BSP unlikely to approve PDIC's P14-B loan: sources


Posted at Feb 16 2009 03:46 PM | Updated as of Feb 16 2009 11:52 PM

The central bank may not be able to approve the P14-billion loan application of the Philippine Deposit Insurance Corp. (PDIC) unless the latter can prove the insufficiency of its P61-billion Deposit Insurance Fund (DIF), sources said.

Sources from the Bangko Sentral ng Pilipinas (BSP) said the Monetary Board (MB) has not made a decision on the loan request, hinting that the PDIC is unlikely to get an approval since it still has a substantial balance on its DIF, or the pool of funds from insurance premium paid by banks.

PDIC President Jose Nograles said the P14-billion loan would be used to pay some 135,000 depositors of 12 rural banks padlocked by the BSP.

Nograles earlier described the loan request as a "business decision," reiterating that the PDIC was allowed by law to borrow from BSP to beef up its DIF, which was valued at P60.5 billion.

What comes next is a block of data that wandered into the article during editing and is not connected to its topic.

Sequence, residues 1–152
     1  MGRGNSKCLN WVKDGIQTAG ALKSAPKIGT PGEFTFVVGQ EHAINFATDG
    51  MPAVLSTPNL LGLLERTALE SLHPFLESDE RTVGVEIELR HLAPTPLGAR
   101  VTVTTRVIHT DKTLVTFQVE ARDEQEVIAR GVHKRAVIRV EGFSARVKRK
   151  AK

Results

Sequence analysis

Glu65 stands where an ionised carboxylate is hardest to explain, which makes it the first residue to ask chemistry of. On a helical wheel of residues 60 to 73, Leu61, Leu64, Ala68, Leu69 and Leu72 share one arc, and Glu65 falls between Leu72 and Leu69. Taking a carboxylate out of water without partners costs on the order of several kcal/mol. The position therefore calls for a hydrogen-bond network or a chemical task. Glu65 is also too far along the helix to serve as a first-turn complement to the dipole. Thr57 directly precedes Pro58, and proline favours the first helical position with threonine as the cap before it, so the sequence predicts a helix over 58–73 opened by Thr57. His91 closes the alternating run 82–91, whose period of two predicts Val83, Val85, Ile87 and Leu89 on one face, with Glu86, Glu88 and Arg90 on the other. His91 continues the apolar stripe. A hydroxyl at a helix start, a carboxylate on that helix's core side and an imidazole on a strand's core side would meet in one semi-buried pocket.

However, the MB source said all banks pay insurance premium to the PDIC precisely for the purpose of ensuring that depositors would be paid off in case of bank failure. Since PDIC's DIF is still substantial, the source said the PDIC could easily pay the depositors without difficulties or seriously depleting the said fund.

"That means the PDIC has funds precisely for this purpose, they can use that fund because that's what it is for," the MB source said.

More than enough

Earlier, Nograles said the PDIC would not wait for BSP to approve the P14-billion loan and would start settling the claims of depositors caught in the collapse of rural banks using its own funds.

During the recent Congress hearing on the failed rural banks, Nograles said the PDIC has so far validated about 35,000 small accounts which, he said, could be paid out next week using the DIF.

In total, the PDIC estimated it would be paying out around P14 billion worth of insured deposits below P250,000. Nograles said the PDIC would be prioritizing depositors with accounts of less than P100,000, or 62 percent of all deposit accounts involved in the 12 rural banks.

Although there was no dire need for the loan from the central bank, Nograles said the PDIC board decided to make the loan request as a "prudent measure" to protect its DIF.

Meanwhile, Nograles also asked lawmakers to grant PDIC the authority to issue its own commercial papers with sovereign guarantee to give it access to cheap funds.

"We can always borrow from the BSP if it would make good business sense to do so but of course it would be good if we had more options," Nograles said.